Let’s see how one New Jersey court handled a reasonable accommodation request under the state’s medical marijuana law.
New Jersey’s Medical Marijuana Law
Like the Pennsylvania medical marijuana law, New Jersey’s Compassionate Use Medical Marijuana Act (“CUMMA”) is silent as to an employer’s obligation to make any accommodation for the use of medical marijuana on the property or premises of any place of employment. Despite cannabis’ categorization as a Schedule 1 drug under the CSA, when enacting CUMMA, the NJ legislature found that “[m]odern medical research has discovered a beneficial use for marijuana in treating or alleviating the pain or other symptoms associated with certain debilitating medical conditions.” Thus we see the dichotomy when federal law claims the opposite of state law.
NJ Federal Court Ruling – No Reasonable Accommodation!
Anyway, so, the employee in question, a forklift operator, possessed a doctor’s recommendation for medical cannabis (and Percocet) to treat his neck and back pain. The employee had an accident at work and saw a doctor, who placed the employee on “light duty.” Upon his return, he could still perform all the essential functions of the job, but his employer required that he pass a drug and urine test. Knowing that if he failed the test he would be fired, the employee sought a waiver of the drug test as a reasonable accommodation. The employer balked and argued that CUMMA did not require such a waiver. Did the court agree and require that the employer waive its drug-testing policy as a reasonable accommodation? Not so much. In an Opinion last week, which you can read in full here. (https://images.law.com/contrib/content/uploads/documents/399/14598/med-mar.pdf), the federal District Court stated that CUMMA does not require an employer to permit the use of medical marijuana in the workplace. Fine. Makes sense. Significantly, the court also noted that CUMMA specifically excluded employers from its scope. Then, the court sided with the employer, determining that NJ’s narrower law (in comparison to other states) did not require an employer to waive its use of a drug test as an accommodation. Judge Kugler seemed to base his holding on a “plain language of the statute argument” and a prediction, as he explained: Unless expressly provided for by statute, most courts have concluded that the decriminalization of medical marijuana does not shield employees from adverse employment actions.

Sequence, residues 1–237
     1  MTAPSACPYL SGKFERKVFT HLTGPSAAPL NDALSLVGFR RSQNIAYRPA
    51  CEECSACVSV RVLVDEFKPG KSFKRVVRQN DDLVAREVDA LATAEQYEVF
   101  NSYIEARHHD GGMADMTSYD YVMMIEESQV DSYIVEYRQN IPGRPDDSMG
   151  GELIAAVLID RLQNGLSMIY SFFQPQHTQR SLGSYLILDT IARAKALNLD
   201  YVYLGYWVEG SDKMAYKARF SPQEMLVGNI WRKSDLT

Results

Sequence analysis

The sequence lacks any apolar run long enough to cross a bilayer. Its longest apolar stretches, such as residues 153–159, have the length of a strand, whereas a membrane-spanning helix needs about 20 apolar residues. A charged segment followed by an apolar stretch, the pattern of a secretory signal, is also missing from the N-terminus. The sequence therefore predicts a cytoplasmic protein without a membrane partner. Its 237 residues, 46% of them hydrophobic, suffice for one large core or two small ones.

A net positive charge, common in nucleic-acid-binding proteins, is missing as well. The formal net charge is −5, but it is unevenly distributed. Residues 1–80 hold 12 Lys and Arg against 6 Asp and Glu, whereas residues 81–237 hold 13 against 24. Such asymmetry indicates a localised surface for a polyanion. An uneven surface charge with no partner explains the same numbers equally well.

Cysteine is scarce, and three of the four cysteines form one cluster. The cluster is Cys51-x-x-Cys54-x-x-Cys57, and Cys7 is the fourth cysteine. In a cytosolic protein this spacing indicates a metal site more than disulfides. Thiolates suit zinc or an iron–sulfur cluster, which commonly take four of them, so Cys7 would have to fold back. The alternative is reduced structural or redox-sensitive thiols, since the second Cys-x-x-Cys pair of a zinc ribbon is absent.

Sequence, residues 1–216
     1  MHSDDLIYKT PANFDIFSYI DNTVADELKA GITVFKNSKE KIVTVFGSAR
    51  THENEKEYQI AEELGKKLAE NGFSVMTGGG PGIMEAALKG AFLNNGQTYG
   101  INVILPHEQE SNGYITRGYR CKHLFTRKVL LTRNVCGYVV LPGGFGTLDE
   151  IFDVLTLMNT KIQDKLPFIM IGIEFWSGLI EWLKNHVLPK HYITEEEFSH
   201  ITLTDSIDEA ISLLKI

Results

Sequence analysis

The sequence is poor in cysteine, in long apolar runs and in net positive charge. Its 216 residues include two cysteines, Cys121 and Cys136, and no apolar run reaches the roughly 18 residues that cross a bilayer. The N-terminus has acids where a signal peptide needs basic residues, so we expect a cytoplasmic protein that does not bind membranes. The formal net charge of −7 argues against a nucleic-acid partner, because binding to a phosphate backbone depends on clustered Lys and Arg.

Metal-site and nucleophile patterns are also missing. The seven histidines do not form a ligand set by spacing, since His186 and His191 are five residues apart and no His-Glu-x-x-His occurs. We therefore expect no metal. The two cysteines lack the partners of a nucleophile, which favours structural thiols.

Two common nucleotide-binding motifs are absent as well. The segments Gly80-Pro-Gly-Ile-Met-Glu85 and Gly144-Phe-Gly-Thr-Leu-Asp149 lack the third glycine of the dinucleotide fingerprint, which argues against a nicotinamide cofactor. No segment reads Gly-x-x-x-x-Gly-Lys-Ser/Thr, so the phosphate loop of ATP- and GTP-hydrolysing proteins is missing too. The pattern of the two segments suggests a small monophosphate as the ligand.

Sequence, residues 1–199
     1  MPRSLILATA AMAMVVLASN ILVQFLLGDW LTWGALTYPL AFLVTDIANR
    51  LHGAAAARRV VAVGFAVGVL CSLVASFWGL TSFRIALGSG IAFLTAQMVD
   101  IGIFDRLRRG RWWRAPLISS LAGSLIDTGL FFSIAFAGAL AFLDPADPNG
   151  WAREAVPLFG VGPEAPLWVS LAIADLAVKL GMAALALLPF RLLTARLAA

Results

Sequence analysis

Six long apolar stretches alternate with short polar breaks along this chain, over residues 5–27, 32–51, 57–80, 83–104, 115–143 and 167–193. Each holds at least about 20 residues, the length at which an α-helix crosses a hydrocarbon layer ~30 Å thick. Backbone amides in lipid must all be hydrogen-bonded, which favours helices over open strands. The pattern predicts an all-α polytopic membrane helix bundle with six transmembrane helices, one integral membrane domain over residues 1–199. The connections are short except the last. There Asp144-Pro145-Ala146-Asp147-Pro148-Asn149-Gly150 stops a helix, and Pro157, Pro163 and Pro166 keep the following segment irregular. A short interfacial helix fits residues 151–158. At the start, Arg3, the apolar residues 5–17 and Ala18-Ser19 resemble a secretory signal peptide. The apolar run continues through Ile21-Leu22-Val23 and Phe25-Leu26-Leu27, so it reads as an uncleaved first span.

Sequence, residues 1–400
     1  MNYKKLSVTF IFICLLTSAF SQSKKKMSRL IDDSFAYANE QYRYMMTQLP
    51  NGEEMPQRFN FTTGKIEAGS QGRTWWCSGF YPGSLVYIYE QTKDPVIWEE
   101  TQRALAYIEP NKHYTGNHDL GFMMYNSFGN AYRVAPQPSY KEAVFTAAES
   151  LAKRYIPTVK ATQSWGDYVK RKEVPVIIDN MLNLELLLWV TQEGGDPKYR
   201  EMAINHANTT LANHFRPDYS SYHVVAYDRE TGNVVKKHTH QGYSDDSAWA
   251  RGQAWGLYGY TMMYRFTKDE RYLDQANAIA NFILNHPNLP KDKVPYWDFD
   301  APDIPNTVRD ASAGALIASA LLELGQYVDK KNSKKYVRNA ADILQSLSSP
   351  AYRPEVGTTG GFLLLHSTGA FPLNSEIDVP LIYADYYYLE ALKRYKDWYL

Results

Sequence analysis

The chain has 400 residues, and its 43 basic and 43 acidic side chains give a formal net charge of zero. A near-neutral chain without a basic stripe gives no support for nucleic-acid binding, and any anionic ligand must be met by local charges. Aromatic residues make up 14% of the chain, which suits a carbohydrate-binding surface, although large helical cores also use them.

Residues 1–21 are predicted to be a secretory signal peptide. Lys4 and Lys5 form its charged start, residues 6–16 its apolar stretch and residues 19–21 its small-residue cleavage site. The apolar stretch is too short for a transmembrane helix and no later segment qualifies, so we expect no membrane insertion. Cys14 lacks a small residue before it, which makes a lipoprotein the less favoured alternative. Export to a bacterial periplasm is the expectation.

This Court predicts that the New Jersey judiciary would reach a similarly obvious conclusion: the LAD does not require an employer to accommodate an employee’s use of medical marijuana with a drug test waiver. Although no court has expressly ruled on this question, New Jersey courts have generally found employment drug testing to be unobjectionable in the context of private employment.
Wait, what happened to the interactive process? Isn’t that a requirement? Didn’t the employer have to engage in a discussion with the employee to determine whether an alternative accommodation existed to accommodate the employee’s disability? Apparently not, and that process is not referenced in the Opinion (perhaps because it was not pleaded in the complaint). What does this tell us?
How these cases are treated may depend on your state. Under similar circumstances, courts in other states have determined that an exception to an employer’s drug policy could constitute a reasonable accommodation, but in any event, the employer was required to engage in the interactive process to determine whether there were any alternatives for the employee’s medical marijuana use.
New Jersey law does not require private employers to waive drug tests for users of medical marijuana. Will it in the future? Judge Kugler thinks it unlikely, but, just in case, employers may want to consider initiating the interactive process to determine if a reasonable accommodation or an alternative to its drug-free policy exists.